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Your Whispering Homunculus: 20 Holy Days

Your Whispering Homunculus: 20 Holy Days

Holy Days by Chris McFann(Illustration by Chris McFann)

Master Pett’s Your Whispering Homunculus presents only the finest in British gaming. Indeed, you are not likely to find a more comprehensive assortment of miscellany anywhere.

(So much more than just another bloke in a dress.)



“Ah, the welcome routine of religious festivals—the harvest, midwinter, spring. Such times of joy and celebration that add color to the places they take place in.”

“Master, I feel a task coming my way.”

“Indeed sluglet, you do, for I need religious festivals—those celebrations of the lives of martyrs and saints and holy men and those more obscure outré religious festivals that shock and amaze.”

“Master, you have but to ask…”

Religion dominates the medieval world, and fantasy settings are no exception. The calendars of religious orders dominate the weeks, holidays, and festivities of local people. While many notable holy days and celebrations are recorded in campaign calendars, you may wish to provide a few more local or unusual events to spice up your streets. These ideas are given with a suggestion to the type of spell most likely to be celebrated at this time: consider this spell either as a taboo or as a bargain while the celebration takes place, perhaps by lowering the price by as much as 30% or by making its casting—even by independent clerics—forbidden.

You may wish to insist that these local celebrations are observed by visiting clerics who face being ostracized by the local church(es) for failure to observe the celebrations appropriately (for, by example, not being blindfolded throughout the holy days). Punishment could range from a lowering of Diplomacy checks when dealing with clerics of the offended church, refusing to deal directly with the PC again, or even worse.

Celebrations last at least as long as listed below but can last as long as you wish. If you want to assign a random duration, 1d6 days is appropriate.

1) The Martyrdom of Saint Hargwell of the Eyes: This celebration marks the martyrdom of the saint, who had his eyes removed by heathens for refusing to recant his faith. His followers wear a bloodied blindfold for the duration of the celebration but are kept fed by locals and guided by local children. (remove blindness)

2) The Flaying of the Angel Mortyrr: Holy men wander the streets naked from the waist up, whipping themselves with scourges and recalling how the Angel Mortyrr was so slain here seven centuries before. (cure spells [all])

3) The Burning of Saint Welb: Manikins of the saint are burnt nightly for a week in commemoration of Saint Welb, who was burnt in his church by beasts with men’s faces. Each service ends with a vial of holy water being cast onto the ashes of the fire. Huge candles burn in holy places and are the subject of service and prayer. (bless water)

4) The Resurrection of the Beast: All fires are quenched at dusk and left cold until the dawn. Lighting a fire is said to bring terrible fortune to those who see it today and risks summoning the Beast, a vile and enormous bestial devil. Those who avoid seeing fire during the night are said to be cured of any curses. (remove curse)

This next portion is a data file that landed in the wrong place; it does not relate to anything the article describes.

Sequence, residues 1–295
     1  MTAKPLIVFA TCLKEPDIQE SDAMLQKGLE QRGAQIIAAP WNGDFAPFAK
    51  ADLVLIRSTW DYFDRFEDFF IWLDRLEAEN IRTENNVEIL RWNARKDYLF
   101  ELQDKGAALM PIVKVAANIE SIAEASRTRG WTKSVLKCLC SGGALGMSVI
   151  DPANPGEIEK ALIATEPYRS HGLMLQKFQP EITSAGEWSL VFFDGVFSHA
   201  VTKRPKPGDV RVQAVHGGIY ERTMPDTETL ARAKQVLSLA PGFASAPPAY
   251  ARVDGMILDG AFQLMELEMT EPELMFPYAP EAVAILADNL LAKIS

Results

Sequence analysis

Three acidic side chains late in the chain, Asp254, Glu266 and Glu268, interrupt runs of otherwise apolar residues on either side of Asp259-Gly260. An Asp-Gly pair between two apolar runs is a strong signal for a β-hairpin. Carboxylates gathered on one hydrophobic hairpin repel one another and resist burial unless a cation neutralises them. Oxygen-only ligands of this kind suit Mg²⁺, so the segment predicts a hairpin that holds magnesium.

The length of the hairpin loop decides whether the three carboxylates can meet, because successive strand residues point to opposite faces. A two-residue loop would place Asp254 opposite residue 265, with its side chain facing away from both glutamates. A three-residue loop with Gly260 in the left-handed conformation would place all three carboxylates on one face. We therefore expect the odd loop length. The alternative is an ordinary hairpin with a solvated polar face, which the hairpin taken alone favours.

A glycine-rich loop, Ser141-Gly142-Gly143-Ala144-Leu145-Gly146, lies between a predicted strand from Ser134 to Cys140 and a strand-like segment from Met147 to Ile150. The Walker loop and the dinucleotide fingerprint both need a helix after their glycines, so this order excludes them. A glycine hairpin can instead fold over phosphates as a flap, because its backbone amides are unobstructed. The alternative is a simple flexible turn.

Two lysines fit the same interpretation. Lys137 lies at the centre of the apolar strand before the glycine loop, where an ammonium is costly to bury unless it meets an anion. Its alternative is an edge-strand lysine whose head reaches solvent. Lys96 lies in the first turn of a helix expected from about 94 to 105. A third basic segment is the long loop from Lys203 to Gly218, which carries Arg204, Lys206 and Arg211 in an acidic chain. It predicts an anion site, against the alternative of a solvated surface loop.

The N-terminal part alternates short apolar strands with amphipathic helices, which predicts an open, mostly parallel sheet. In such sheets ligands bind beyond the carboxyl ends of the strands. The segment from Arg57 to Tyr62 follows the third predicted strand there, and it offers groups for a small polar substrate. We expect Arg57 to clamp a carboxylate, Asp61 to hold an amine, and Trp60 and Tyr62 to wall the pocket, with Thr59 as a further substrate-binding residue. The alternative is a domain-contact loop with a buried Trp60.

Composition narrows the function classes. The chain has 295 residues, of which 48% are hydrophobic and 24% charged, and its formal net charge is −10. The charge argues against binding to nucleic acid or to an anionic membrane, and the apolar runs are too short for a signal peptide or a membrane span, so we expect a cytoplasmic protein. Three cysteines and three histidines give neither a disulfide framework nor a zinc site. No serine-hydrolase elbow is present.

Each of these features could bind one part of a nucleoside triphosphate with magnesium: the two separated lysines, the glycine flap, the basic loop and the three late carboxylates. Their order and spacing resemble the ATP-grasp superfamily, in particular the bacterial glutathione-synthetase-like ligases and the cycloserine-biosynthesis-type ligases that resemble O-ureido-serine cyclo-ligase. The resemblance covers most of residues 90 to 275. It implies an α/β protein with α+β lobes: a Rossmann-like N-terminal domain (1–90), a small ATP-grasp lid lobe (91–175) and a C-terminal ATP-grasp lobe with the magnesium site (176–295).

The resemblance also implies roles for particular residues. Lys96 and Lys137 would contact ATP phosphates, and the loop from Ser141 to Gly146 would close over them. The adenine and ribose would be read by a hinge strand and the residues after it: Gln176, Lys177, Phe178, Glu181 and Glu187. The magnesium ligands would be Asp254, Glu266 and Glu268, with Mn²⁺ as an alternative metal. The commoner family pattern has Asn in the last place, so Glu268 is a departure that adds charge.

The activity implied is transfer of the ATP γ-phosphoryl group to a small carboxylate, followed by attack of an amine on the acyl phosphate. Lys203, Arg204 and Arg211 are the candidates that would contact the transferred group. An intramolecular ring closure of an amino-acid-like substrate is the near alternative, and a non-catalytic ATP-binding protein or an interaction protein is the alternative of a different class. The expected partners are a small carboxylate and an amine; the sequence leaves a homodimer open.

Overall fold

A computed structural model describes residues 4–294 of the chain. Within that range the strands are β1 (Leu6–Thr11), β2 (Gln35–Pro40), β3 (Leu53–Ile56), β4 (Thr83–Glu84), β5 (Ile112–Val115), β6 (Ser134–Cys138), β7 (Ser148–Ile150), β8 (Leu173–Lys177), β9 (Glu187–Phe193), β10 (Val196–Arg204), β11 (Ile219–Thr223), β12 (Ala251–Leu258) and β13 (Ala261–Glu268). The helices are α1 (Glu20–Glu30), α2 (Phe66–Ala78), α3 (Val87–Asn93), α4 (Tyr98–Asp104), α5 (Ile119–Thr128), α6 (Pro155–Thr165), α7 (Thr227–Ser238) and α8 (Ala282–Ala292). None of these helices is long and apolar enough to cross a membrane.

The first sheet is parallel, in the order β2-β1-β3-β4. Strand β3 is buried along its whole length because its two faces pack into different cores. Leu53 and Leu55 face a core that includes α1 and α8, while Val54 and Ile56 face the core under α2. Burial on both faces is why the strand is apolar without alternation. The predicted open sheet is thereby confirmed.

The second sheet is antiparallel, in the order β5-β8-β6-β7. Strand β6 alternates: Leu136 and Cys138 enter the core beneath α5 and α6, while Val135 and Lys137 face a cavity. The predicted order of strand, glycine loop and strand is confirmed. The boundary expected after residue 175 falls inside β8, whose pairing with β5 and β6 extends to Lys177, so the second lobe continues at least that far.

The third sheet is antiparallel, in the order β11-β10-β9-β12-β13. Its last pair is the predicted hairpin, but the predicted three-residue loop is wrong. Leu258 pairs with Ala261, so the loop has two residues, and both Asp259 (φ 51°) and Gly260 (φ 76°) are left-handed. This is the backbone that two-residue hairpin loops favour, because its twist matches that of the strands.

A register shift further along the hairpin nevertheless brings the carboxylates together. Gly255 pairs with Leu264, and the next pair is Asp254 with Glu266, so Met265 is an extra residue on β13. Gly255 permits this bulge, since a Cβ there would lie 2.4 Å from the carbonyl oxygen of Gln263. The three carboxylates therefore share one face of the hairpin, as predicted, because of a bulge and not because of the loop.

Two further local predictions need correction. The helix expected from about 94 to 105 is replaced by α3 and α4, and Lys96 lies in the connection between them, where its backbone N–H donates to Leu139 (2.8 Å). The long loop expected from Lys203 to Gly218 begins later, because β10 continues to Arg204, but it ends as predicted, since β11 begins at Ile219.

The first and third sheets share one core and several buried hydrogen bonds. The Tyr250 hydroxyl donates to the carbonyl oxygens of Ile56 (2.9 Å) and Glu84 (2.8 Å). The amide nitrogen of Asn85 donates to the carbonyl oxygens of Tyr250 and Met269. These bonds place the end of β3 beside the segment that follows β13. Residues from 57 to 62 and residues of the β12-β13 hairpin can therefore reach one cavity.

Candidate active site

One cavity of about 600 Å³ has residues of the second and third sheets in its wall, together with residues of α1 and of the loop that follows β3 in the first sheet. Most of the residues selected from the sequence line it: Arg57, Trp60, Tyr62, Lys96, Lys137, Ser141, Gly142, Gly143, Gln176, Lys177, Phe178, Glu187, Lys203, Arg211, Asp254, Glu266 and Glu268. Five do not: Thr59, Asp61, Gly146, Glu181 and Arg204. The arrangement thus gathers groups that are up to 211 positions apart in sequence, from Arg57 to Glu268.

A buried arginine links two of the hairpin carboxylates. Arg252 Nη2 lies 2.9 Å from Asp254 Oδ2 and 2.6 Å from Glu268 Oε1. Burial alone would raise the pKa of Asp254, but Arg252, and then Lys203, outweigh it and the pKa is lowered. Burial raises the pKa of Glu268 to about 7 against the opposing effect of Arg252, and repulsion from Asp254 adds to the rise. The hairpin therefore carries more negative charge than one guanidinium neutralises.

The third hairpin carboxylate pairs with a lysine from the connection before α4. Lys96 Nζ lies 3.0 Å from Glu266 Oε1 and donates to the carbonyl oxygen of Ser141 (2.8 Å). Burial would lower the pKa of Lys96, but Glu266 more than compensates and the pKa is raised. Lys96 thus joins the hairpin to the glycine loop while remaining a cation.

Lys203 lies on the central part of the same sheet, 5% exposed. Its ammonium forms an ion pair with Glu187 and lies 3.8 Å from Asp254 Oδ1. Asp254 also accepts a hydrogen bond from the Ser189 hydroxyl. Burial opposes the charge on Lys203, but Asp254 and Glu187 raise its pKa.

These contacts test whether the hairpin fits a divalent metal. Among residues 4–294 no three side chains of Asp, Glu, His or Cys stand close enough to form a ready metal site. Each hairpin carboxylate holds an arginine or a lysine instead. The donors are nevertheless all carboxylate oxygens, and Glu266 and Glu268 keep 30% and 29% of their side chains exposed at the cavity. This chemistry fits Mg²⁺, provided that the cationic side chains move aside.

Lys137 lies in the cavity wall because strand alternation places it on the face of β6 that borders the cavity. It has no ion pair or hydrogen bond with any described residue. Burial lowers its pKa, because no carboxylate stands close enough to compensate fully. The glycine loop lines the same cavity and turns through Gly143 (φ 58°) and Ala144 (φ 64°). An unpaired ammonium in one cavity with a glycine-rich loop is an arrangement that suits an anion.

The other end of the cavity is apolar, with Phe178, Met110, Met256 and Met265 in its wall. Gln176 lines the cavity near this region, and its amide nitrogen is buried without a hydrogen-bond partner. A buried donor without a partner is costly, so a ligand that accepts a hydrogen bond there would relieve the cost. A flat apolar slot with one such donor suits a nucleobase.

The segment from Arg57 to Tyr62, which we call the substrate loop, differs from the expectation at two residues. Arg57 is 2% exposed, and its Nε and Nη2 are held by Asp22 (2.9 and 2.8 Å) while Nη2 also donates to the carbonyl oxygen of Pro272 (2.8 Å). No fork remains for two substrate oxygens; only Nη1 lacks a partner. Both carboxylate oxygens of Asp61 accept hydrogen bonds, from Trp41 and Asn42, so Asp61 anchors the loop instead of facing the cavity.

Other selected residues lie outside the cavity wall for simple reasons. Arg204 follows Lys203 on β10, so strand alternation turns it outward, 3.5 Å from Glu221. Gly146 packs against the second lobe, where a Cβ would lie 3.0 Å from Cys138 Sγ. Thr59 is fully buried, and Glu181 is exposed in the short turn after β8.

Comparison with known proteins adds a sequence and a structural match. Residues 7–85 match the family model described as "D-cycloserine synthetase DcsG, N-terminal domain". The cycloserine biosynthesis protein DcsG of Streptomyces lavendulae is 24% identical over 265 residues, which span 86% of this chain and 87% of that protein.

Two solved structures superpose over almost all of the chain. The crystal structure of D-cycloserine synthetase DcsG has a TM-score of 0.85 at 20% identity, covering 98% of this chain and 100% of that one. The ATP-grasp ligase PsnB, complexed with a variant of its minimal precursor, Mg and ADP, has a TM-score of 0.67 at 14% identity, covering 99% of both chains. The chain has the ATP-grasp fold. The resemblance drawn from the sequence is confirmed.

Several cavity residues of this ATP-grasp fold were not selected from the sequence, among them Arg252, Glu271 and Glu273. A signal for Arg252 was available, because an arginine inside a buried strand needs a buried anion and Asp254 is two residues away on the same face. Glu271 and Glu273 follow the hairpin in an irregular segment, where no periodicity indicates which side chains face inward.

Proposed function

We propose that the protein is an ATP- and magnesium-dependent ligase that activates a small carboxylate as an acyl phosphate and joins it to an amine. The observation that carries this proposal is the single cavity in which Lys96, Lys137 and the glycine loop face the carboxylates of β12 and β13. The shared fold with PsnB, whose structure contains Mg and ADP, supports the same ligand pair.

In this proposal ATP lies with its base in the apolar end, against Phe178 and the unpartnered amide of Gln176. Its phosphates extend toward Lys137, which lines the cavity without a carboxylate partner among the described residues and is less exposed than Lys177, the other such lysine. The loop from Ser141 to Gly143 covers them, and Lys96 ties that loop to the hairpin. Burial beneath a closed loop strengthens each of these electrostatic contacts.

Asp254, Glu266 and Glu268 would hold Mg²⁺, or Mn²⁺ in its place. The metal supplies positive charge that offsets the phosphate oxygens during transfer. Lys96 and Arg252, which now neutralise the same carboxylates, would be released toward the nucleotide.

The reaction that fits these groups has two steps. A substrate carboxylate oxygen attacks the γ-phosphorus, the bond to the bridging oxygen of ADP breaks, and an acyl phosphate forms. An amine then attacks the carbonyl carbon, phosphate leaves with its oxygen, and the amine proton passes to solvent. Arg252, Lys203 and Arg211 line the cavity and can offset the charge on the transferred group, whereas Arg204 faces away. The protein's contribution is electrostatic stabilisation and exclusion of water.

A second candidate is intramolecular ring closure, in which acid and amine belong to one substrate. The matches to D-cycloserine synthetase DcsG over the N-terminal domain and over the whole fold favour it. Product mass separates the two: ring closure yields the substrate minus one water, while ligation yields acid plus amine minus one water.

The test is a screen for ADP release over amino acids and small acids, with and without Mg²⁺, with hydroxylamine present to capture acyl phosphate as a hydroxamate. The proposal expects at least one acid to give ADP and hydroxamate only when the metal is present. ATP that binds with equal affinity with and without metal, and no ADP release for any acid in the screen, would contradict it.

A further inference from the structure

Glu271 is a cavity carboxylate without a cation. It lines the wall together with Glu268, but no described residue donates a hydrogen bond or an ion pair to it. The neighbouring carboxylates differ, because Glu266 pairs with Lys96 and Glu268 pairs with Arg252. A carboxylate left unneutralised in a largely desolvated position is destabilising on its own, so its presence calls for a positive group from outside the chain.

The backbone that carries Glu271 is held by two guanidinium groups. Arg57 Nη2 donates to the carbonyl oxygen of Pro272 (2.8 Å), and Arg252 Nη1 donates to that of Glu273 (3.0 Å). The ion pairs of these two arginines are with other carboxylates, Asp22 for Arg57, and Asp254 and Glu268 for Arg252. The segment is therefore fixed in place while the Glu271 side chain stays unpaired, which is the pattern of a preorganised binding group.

5) The Celebration of the Bowing Monk: Holy men (and women) bow to everyone they meet for a week and a day, and they hand out lucky prayer scarves of white silk that have a peacock feather sewn in—a ward said to protect those who wear them. (glyph of warding)

6) The Tongue-less Martyr Orbrant: Holy men and pilgrims wear a gag and refuse to speak, to honor the martyr Orbrant, whose tongue was cut out before he was slain to prevent him revealing the location of an evil brotherhood through speak with dead. (speak with dead)

7) Saint Ashes Day: When Memorus, a local monk, was burned alive by heretics, his broken holy symbol was found and made whole again by his followers, who parade obviously repaired broken holy symbols (some of great size) through the town. Smashing of drinking vessels is said to bring a year’s good luck, and sales of tiny clay drinking vessels are common. (make whole)

8) One Bound Hand: The unnamed saint is celebrated by the binding of each pilgrim’s left hand and smearing blood upon it, making it appear like a stump. The hand, in which the saint held a holy symbol, was severed by a demon. The left hand is not used throughout the festival by pilgrims and followers. The saint’s hand was regenerated, and he later returned with a religious force and slew the demon, dying himself in the process, still clutching his bloody holy symbol. (regenerate)

9) Saint be Drowned: This celebrates the tale of a local saint who was drowned and whose body rested in gentle repose until a holy bishop could come to resurrect him. Followers cleanse their souls by a holy ceremony where they are dipped into the nearby river by clerics. Flotillas of boats cram the waters during the celebration. (gentle repose)